Clinical trial enrollment, and why it matters to all of us.
Every time a doctor has to make a decision, a risk/benefit analysis must be done to ensure that the course of care offers the greatest positive outcome for the patient. The basic tenet of evidence-based medicine is that this analysis be carried out with a body of high-quality information, ideally derived from randomized clinical trials and for which there is consensus agreement. This is especially true in the case of cancer, where intuitive notions are often contradicted by actual clinical trial data, and the trend toward personalized medicine recognizes that there is a clear variation in the behavior and treatment response among individual cancers.
The advancement of tailored and evidence-based medicine is directly related to the number of informative clinical trials and subjects enrolled in these studies. Despite increased attention and funding for trials, the proportion of patients with cancer enrolled remains dismally low.
A recent Institute of Medicine report concluded that the clinical trial machinery is broken, with an increasing amount of bureaucracy, inefficiencies, mismanagement, disincentives, and logistical hurdles resulting in low accrual, high costs, and studies that never reach completion. This report primarily addressed the system of cooperative groups that are funded by the National Cancer Institute. Along with research by pharmaceutical companies usually focused on getting drugs approved or expanding market share, these groups represent the main source of data available for making decisions and adopting new diagnostic and therapeutic approaches.
This issue’s cover story, “The Treatment Option You May Be Missing” by Laura Beil, presents the many dimensions of clinical research—the challenges and opportunities. There are many explanations for the state of affairs in clinical research. The pendulum of regulatory rules seems to swing in response to every crisis, ranging from safety issues to investigator misconduct or concerns about patient privacy.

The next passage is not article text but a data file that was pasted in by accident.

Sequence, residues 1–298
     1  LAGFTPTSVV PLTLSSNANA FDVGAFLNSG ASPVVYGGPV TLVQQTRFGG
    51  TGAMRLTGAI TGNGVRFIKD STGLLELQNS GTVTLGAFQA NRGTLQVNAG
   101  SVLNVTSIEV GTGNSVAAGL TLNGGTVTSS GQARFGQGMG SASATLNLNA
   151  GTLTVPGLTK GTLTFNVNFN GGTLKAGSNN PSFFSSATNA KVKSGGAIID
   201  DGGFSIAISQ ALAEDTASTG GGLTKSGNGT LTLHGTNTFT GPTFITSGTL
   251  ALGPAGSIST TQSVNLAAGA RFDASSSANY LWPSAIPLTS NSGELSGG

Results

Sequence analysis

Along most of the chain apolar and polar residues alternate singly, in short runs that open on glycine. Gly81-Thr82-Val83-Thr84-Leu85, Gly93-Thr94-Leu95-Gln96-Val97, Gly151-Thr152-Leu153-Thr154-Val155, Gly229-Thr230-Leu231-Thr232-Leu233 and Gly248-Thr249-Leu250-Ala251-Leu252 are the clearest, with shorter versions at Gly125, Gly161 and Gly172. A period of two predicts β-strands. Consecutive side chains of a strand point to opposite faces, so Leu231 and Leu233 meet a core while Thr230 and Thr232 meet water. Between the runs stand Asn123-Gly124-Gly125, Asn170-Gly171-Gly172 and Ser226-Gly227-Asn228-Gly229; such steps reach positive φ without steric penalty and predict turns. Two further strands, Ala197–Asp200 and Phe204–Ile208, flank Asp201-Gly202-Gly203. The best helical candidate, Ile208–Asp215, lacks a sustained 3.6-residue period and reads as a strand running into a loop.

The medical field and research within it still remain fragmented and seemingly in a “Tower of Babel” mode, with a lack of communication and large-scale analytic capacity because few data standards exist. Rising health care costs and diminishing reimbursements have cut staffing and limited the flexibility needed to take on research. Even noble-hearted investigators fall prey to petty scientific snobbery, insular behavior, competing priorities, and conflicts of interest (not necessarily financial in all cases).
There is no doubt that a balance must be struck between protecting patient safety and advancing innovative ideas. There is also a conflict between the need for oversight and for streamlining the efficiency of developing and running a study.
However, the news is not all bad. With health care reform, there may be an opportunity to revolutionize clinical research through the use of medical information technology and broadening the number of clinical centers where research takes place. This will require clinical trials to be simplified so that they can be integrated into routine care. For example, every time a medical record is updated with a new diagnosis, the information system might trigger a notification that the patient be informed of a specific trial and automatically set up the steps needed for further screening and, if applicable, enrollment, treatment, and follow-up through the study. The data entry would be through the established electronic medical record system, and much of the monitoring and oversight could be conducted remotely by a clinical research organization.
The revolution in biological discovery is fueling interesting new diagnostic assays and drugs, but our limited ability to test them threatens their prioritization and integration into routine care. The collective response of the research community, the government, and the public will play out over the next few years, and we will continue to bring our readers the facts and perspectives on this process.
Debu Tripathy, MD
Professor of Medicine, University of Southern California
Co-leader, Women’s Cancer Program at the USC/Norris Comprehensive Cancer Center